The instant settlement requires the parties to apply the additions to tax and the increased rate of interest that are in dispute to "the portion of the deficiency attributable to the equipment leasing disallowances." In essence, we must determine the net amount of tax that petitioner avoided by engaging in the equipment leasing transaction. To reach that end, as we read it, the settlement calls for an allocation of both of the components of the deficiency, "the tax imposed by subtitle A" in the amount $9,624, and "the amount shown as the tax by the taxpayer upon his return," $2,771. The settlement contemplates that each of those components will be allocated among three items, the $4,247 of taxable income originally reported on petitioner's return, and each of the two adjustments made under the settlement, the disallowance of $7,831 of the deductions claimed with respect to petitioner's law practice and the disallowance of $22,912, the net loss claimed with respect to the equipment leasing adjustment.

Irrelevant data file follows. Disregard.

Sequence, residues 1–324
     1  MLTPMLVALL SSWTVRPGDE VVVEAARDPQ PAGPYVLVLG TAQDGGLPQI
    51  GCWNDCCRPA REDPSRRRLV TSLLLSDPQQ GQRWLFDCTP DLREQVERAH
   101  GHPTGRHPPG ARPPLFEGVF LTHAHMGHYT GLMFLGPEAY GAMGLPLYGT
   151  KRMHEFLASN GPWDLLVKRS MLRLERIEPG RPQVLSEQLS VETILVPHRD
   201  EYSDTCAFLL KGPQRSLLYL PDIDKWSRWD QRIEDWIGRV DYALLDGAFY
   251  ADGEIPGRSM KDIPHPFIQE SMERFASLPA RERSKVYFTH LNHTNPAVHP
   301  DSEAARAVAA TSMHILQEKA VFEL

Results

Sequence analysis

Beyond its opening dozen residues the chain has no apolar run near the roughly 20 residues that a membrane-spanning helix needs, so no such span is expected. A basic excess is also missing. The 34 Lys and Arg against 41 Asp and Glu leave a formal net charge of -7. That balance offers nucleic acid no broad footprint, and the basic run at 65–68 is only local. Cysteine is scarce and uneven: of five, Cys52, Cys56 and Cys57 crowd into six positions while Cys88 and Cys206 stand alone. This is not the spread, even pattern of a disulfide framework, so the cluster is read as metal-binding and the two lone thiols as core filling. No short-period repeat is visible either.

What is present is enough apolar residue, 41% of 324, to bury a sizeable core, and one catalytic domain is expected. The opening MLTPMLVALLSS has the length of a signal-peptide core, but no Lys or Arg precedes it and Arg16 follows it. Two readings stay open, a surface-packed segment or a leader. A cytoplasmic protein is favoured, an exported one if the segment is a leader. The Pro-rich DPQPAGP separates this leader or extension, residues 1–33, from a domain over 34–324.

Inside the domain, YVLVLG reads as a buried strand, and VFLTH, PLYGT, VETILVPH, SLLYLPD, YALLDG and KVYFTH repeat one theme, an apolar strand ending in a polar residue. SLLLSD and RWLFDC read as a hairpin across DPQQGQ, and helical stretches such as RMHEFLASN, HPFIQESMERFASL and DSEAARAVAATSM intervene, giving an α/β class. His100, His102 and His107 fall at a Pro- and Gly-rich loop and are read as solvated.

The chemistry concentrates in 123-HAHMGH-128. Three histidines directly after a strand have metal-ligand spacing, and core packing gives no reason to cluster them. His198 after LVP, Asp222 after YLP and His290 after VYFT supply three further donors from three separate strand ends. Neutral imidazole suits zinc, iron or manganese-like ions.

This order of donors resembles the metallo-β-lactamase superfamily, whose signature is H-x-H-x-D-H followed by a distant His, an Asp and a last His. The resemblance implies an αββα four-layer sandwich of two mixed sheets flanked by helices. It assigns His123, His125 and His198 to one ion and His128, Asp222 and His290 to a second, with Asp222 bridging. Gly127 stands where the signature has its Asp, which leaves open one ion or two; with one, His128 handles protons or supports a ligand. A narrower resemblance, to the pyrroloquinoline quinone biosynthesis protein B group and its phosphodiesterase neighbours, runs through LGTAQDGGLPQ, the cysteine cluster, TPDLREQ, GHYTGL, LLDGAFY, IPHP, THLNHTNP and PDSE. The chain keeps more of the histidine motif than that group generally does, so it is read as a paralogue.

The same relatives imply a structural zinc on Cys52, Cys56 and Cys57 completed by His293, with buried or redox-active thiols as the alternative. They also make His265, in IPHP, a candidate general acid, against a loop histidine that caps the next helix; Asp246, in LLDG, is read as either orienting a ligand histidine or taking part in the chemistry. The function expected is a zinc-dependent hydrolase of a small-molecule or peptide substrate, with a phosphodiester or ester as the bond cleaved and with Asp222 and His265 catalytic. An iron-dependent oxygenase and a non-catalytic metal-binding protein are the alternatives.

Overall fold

As to the first component, "the tax imposed by subtitle A" in the amount of $9,624, the parties agree that $7,991 of that amount is attributable to the equipment leasing adjustment and that the remainder, $1,633, is attributable to the rest of petitioner's taxable income, including the law practice adjustment. The computations prepared by both parties recognize that $251 of that $1,633 of tax liability corresponds with the $4,247 of taxable income reported on petitioner's return. Therefore, the remaining $1,382 must correspond with the disallowance of the $7,831 of deductions relating to petitioner's law practice.